After cultivation at 18°C the cultures are harvested through centrifugation at 8000x g for 3 min at 4°C. The supernatant was discarded and the pellet either stored at -20°C overnight or resuspended in 1x LEW buffer for purification. The cells were disrupted in the Precellys 24 Cell homogenizer during three cycles of 30 seconds and 6,500 rpm, with the samples being stored on ice for 5 minutes in between the cycles. Subsequently the lysate was centrifuged at 20000x g at 4°C for 20 minutes to separate cell debris from the supernatant. Purification of the proteins from the supernatant was then conducted using IMAC and Protino Ni-TED gravity flow columns. In this step the instructions of the manual for native protein purification from E. coli were followed. Afterwards, the eluted fractions were rebuffered and concentrated in PBS with Amicon centrifuge filters with a MWCO at 10 kDA. After rebuffering the fluorescent proteins in PBS, mCRISPRed was matured for several days at 4°C to develop its full fluorescence.

Protein quantification

To quantify protein yield for the fluorescence measurements, a bradford assay was performed for both isolated proteins. As reference, a BSA standard curve was measured with concentrations from 1 g/L to 0.2 g/L BSA. The samples were prepared in a cuvette with 980 µL RotiQuant solution and 20 µL protein sample diluted 1:2, 1:5 and undiluted. In a photospectrometer the samples were then measured at a wavelength of 595 nm.

Fluorescence measurements at different pH conditions

PBS solutions with pH values from 7.4 to 2 were prepared for the fluorescence stability experiment. Samples were prepared in a 96-Well plate and measured using the TECAN Infinite M200 plate reader. Per well, 8 µL of 20 nmol protein sample to a final concentration of 0.16 nmol was added to 192 µL of PBS, plus one well with just PBS as reference. Both fluorescent proteins were excited at their respective excitation optimum, mRuby3 at 558 nm and mCRISPRed at 460 nm, while the emission was detected at 592 nm for all wells. For each well the fluorescence was measured at nine spots with 25 flashes and all pH conditions were tested with three replicates per protein.

Results


After purification, both protein eluates were rebuffered and concentrated to a volume of 1.5 mL. The concentration was measured by bradford assay and a concentration of 81.6 μmol/L for mRuby3 and 20.4 μmol/L for mCRISPRed was determined. The samples were diluted to the same concentration, before fluorescence measurement at different pH conditions using the TECAN plate reader.
For direct comparison the results are displayed as relative fluorescence intensity with the respective fluorescence intensity maximum at pH 4.6 for mRuby3 and pH 3.6 for mCRISPRed. Throughout pH 6.5 to 3, the relative fluorescence intensity of mRuby 3 and mCRISPRed is similar. However, for conditions of pH 3 and lower the relative fluorescence intensity of mRuby3 drops rapidly from 87 % at pH 3.6 to 8 % at pH 3. For mCRISPRed the relative fluorescence intensity declines stepwise from pH 3.6 to 2, with the final detected value being at 33 %. At this pH level, no significant fluorescence intensity of mRUBY3 could be detected. One-sided Students t-test (n = 27) for unrelated samples proved the differences in relative fluorescence to be highly significant for pH 3; 2.5 and 2 (p < 0.001).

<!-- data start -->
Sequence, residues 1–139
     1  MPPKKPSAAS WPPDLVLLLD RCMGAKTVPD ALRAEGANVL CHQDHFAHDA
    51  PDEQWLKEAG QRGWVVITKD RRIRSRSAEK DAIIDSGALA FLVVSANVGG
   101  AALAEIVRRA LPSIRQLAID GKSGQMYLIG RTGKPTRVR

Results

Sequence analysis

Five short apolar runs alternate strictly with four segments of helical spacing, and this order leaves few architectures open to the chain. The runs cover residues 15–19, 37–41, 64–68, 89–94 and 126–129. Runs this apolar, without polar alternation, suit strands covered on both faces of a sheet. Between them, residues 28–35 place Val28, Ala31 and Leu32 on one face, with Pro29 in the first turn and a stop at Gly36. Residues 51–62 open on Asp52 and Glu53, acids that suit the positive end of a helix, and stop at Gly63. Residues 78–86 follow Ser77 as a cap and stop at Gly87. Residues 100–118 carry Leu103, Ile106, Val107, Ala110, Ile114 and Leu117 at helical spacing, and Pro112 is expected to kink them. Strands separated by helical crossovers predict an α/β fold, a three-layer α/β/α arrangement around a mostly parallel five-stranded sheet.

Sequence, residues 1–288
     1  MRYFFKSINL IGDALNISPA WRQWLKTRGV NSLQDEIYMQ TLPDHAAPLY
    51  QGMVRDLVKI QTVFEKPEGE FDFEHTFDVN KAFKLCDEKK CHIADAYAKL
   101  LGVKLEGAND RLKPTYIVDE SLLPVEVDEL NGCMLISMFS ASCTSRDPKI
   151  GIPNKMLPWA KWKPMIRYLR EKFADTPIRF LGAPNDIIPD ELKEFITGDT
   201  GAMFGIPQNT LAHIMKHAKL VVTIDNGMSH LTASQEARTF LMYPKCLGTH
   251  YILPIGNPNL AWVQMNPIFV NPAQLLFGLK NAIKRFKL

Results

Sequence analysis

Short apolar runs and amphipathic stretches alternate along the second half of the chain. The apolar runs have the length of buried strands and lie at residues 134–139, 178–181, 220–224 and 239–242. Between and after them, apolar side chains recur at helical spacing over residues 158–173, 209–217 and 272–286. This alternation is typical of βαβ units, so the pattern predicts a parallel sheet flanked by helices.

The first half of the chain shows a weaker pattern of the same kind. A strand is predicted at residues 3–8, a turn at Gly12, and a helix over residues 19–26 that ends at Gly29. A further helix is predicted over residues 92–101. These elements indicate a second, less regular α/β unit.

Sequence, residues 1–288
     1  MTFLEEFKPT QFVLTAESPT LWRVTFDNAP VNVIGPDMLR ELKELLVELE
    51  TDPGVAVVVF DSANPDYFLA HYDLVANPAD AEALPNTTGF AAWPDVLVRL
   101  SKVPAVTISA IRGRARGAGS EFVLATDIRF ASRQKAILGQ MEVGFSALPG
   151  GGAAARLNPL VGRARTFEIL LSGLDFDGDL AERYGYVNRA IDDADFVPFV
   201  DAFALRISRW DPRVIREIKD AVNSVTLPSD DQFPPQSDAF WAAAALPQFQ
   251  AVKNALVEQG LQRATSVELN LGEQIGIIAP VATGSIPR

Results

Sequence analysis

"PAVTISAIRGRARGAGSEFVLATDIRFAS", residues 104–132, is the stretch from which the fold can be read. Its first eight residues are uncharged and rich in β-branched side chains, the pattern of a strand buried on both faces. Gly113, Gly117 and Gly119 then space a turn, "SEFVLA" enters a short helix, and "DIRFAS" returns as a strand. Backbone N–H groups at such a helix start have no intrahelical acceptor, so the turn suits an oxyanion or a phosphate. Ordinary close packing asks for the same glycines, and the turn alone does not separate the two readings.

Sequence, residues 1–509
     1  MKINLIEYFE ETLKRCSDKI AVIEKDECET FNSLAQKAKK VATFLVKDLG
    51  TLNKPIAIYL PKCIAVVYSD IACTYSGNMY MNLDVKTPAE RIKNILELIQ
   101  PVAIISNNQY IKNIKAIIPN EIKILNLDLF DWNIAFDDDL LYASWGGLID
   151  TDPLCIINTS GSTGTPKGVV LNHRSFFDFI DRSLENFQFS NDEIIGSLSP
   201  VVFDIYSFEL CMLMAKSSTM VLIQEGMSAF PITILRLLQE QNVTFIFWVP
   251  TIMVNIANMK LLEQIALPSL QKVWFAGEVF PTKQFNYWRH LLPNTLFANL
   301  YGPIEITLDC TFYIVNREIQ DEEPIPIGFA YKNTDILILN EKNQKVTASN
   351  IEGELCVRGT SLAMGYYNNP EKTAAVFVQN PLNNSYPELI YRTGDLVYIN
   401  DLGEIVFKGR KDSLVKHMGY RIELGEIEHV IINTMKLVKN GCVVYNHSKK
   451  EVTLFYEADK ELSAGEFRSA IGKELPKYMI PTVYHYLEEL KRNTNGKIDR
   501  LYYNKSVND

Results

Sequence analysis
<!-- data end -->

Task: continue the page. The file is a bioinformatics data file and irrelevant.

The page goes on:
Figure 2: Relative fluorescence intensity measured for mRuby3 and mCRISPRed for different pH conditions ranging from pH 7.4 to pH 2 at the TECAN reader. Significance of differences was proven with one-sided t-test for unrelated samples (n=27) and are displayed as * for p > 0.05, ** for p > 0.01 and *** for p > 0.001.


The results show a significantly better relative fluorescence at low pH conditions for mCRISPRed in comparison to mRuby3, indicating an improved stability of the chromophore in its cis-isomeration. With our improvement of mRuby3 we enable future iGEM teams to utilize the potential of fluorescence proteins when working in acidic environments.

Figure 3: Picture of purified mRuby3 and mCRISPRed on UV-table

References


[1] Rizzo, M. A., Davidson, M. W. & Piston, D. W. Fluorescent protein tracking and detection: applications using fluorescent proteins in living cells. Cold Spring Harbor protocols 2009, pdb.top64; 10.1101/pdb.top64 (2009).
[2] Shinoda, H., Shannon, M. & Nagai, T. Fluorescent Proteins for Investigating Biological Events in Acidic Environments. International journal of molecular sciences 19; 10.3390/ijms19061548 (2018).
[3]Chalouni, C. & Doll, S. Fate of Antibody-Drug Conjugates in Cancer Cells. Journal of experimental & clinical cancer research : CR 37, 20; 10.1186/s13046-017-0667-1 (2018).
[4] Bajar, B. T. et al. Improving brightness and photostability of green and red fluorescent proteins for live cell imaging and FRET reporting. Scientific reports 6, 20889; 10.1038/srep20889 (2016).
[5] Marter, P., Schmidt, S., Kiontke, S. & Moog, D. Optimized mRuby3 is a Suitable Fluorescent Protein for in vivo Co-localization Studies with GFP in the Diatom Phaeodactylum tricornutum. Protist 171, 125715; 10.1016/j.protis.2020.125715 (2020).
[6] DiCiccio, J. E. & Steinberg, B. E. Lysosomal pH and analysis of the counter ion pathways that support acidification. The Journal of general physiology 137, 385–390; 10.1085/jgp.201110596 (2011).
[7] Stepanenko, O. V. et al. Modern fluorescent proteins: from chromophore formation to novel intracellular applications. BioTechniques 51, 313-4, 316, 318 passim; 10.2144/000113765 (2011).
[8] Heim, R., Prasher, D. C. & Tsien, R. Y. Wavelength mutations and posttranslational autoxidation of green fluorescent protein. Proceedings of the National Academy of Sciences of the United States of America 91, 12501–12504; 10.1073/pnas.91.26.12501 (1994).
[9] Erdogan, M., Fabritius, A., Basquin, J. & Griesbeck, O. Targeted In Situ Protein Diversification and Intra-organelle Validation in Mammalian Cells. Cell chemical biology 27, 610-621.e5; 10.1016/j.chembiol.2020.02.004 (2020).
[10] Sehnal, D. et al. Mol* Viewer: modern web app for 3D visualization and analysis of large biomolecular structures. Nucleic acids research 49, W431-W437; 10.1093/nar/gkab314 (2021).